People who serve in the United States Armed Forces are entitled to a variety of benefits through the U.S. Department of Veterans Affairs (VA), including pensions and other retirement income, health care, life insurance, and dependent and survivor benefits. In a divorce in the state of New York, certain VA benefits are treated as assets subject to equitable distribution. VA benefits may also constitute income to be considered in calculating child and spousal support. The divorce process can present concerns for both veterans and spouses of veterans, both of whom may worry about losing assets or income streams on which they depend.
The New York Times recently published a story by the former spouse of a National Guard member who deployed to Iraq and returned home with physical and psychological injuries. She describes helping him obtain assistance through the VA, and the ongoing treatments and tests that eventually resulted in diagnoses of post-traumatic stress disorder (PTSD) and traumatic brain injury (TBI). Unfortunately, the two were not able to make the marriage work, and they divorced. The author states that she is lucky, since she has a job that provides benefits. Many military spouses who end up divorcing find themselves cut off from support from the VA.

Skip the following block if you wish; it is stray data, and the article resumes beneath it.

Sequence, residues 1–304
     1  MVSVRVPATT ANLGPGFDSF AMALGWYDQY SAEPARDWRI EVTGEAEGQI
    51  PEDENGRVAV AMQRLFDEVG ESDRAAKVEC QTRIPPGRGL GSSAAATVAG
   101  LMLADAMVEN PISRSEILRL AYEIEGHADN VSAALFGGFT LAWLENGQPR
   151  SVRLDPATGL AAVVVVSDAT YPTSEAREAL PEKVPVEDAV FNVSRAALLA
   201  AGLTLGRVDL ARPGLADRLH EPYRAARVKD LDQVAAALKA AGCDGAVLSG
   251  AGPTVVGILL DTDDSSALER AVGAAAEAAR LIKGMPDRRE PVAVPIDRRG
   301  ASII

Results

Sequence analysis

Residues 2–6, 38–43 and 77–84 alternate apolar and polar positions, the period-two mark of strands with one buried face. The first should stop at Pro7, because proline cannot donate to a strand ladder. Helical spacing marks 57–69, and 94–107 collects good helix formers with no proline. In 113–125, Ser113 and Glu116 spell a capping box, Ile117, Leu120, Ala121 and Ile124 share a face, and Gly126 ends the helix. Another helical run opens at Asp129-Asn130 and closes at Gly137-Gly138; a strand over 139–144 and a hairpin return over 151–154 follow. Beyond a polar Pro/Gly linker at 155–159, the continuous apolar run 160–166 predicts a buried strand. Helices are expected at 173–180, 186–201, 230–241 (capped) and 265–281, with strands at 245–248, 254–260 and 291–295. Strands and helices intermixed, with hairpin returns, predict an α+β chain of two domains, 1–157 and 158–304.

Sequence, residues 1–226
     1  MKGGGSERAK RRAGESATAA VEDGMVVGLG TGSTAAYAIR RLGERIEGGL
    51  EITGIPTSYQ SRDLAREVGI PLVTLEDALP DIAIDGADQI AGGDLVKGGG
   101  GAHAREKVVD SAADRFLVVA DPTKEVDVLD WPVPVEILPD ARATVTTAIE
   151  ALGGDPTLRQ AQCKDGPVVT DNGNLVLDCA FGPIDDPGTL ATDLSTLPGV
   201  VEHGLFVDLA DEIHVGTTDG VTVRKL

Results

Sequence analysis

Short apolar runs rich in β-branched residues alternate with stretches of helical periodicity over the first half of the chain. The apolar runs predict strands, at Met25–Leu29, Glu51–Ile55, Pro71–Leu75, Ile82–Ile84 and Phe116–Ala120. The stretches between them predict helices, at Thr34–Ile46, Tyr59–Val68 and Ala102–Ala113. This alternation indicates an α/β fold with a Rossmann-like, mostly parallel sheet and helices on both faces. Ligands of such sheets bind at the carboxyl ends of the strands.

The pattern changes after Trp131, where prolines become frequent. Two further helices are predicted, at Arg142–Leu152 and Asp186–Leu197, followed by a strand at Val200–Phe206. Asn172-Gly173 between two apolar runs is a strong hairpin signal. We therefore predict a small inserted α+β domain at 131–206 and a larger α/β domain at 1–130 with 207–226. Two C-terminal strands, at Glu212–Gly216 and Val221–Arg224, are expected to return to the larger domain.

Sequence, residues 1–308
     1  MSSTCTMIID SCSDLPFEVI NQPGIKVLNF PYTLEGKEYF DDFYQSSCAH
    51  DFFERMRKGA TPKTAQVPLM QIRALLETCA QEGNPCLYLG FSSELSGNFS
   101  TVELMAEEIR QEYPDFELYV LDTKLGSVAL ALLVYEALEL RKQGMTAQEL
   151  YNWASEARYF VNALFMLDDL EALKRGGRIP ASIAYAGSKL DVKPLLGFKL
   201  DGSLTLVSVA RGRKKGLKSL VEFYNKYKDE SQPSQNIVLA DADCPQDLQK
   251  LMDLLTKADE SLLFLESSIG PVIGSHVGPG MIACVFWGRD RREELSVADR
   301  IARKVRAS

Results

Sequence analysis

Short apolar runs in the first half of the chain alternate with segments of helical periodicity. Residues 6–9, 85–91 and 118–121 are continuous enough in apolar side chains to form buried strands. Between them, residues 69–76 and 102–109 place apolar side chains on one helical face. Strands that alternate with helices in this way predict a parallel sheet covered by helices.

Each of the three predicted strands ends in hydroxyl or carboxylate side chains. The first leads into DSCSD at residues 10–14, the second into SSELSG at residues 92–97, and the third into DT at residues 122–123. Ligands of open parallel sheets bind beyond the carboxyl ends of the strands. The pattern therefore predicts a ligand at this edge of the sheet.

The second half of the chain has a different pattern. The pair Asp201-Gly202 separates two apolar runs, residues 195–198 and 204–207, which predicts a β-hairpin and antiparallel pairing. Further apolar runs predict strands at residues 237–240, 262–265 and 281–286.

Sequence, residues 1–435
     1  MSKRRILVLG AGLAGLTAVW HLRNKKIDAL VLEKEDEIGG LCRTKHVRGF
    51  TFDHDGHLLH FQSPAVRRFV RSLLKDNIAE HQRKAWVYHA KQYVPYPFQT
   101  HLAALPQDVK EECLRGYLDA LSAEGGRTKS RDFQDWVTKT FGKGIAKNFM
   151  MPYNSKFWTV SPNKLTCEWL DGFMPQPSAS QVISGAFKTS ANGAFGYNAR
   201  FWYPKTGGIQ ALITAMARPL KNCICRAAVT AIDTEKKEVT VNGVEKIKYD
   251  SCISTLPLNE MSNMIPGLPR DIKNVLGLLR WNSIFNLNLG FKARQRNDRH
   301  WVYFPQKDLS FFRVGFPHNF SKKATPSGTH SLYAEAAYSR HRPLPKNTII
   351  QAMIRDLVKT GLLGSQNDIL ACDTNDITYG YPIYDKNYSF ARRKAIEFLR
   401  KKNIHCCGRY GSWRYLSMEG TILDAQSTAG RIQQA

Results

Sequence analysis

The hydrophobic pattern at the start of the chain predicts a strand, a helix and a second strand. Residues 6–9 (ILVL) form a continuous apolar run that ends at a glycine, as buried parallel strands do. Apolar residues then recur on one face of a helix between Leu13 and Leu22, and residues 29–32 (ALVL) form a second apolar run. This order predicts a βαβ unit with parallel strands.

Several types of VA benefits are particularly important in a divorce proceeding:
– Pensions: Some veterans are eligible for tax-free retirement benefits.
– Life insurance: The VA provides numerous life insurance options for veterans and their dependents.
– Health care: The VA operates a large network of healthcare facilities, including hospitals and clinics.